After college, she climbed for a couple of years in Flagstaff, Arizona, a place that Karen says “has some amazing outdoor climbing.” While climbing, she met people from around the world who inspired her sense
of adventure. 


So much of climbing is about overcoming our own mental obstacles: Fear of heights, fear of falling, even fear of failing. Rising out of our own self doubt was the first lesson we learned when we decided to take on the adventure of indoor rock climbing.


The daunting walls at Roca Climbing and Fitness in Rochester stretch up to 39 feet high, with the competition wall standing at 48 feet. The holds and connecting ropes are color coordinated and labeled with numbers that correspond to the levels of difficulty. This allows for easy navigation and puts a novice climber more at ease. 


When you hear the words, “financial health” used in a sentence, does it make you feel just a tad queasy? Does your stomach do a tiny flip-flop and make you want to think more pleasant thoughts? If so, you’re not alone. Most people would rather have a molar extracted than think about their financial situation.


Most of us stress about money to a certain extent, depending on where we fall on the socioeconomic scale. Some of us may worry about big expenses such as the next family vacation you dream of taking, how we will pay for our kids’ college educations or if we are saving enough money for retirement.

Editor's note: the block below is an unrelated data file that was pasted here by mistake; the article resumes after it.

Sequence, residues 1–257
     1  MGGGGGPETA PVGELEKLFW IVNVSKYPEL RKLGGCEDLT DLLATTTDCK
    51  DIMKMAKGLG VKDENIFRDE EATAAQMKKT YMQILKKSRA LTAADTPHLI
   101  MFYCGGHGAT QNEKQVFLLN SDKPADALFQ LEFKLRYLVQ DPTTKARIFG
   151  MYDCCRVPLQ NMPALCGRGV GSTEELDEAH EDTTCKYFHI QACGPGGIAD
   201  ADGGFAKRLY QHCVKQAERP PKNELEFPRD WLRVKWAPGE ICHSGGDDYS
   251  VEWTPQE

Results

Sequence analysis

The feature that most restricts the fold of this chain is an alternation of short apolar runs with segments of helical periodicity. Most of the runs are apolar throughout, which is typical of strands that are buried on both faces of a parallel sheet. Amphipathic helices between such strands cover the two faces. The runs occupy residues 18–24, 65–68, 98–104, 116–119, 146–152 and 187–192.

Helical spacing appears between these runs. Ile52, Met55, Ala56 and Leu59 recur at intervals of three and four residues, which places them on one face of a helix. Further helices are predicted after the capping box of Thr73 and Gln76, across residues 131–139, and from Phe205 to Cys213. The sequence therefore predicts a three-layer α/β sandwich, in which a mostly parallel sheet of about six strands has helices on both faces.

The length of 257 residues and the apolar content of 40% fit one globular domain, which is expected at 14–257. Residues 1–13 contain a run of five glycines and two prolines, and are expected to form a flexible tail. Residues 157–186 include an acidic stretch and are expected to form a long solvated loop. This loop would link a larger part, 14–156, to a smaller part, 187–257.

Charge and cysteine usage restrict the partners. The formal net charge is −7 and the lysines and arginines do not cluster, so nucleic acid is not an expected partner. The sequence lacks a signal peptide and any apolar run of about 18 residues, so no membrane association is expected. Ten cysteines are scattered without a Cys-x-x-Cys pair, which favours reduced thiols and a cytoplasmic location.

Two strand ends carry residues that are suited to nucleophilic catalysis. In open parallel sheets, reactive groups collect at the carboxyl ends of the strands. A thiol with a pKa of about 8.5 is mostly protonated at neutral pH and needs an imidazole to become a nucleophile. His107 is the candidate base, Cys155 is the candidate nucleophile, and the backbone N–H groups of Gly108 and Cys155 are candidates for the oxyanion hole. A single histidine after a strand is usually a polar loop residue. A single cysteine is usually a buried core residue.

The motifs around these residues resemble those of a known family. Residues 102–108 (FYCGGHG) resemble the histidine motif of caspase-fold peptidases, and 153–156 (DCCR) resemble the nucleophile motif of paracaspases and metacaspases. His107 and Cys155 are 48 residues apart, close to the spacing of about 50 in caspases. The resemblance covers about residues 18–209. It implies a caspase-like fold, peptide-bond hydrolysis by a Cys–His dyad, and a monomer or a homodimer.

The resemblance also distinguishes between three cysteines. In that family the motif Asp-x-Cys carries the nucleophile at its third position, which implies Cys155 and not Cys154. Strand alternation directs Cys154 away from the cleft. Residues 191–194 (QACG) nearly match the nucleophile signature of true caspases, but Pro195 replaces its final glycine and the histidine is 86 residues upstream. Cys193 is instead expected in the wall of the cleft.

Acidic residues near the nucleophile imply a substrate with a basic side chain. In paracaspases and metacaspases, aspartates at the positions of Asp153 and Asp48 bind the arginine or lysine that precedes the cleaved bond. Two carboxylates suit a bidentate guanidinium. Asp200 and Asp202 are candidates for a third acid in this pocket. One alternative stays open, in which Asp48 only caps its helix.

Things get even more stressful when your financial uncertainties include wondering how you will be able to pay the rent, feed your family or pay for daycare, while praying that your car doesn't break down again, so you can keep getting back and fourth to work. Financial stress of this magnitude is a soul crusher. When you don't know how your basic survival needs will be met, it's difficult to think about anything else. When your back is to the wall and you don't have enough income to meet your expenses, you can feel trapped and hopelessness.


It started with a quiet, stirred excitement. Appetizers and drinks were ordered, and as we sat around the table at Stumble Inn 2 in Plainview, there was a mixture of elements—small, low chatter interspersed with laughter, sometimes two or three conversations layered and overlapping and colored Sharpies being shared among us all. 

“Who has the purple marker?” someone asks, glancing up from her coloring.


The objects we colored were a bit unusual from what might normally be used at a coloring party. They are not the typical pages from the adult coloring books seen in bookstores. Instead, we attended a Thirty-One Gifts party led by independent consultant, Amy Kastler. Our project for the party was a small, canvas container or tote called an Oh Snap Bin.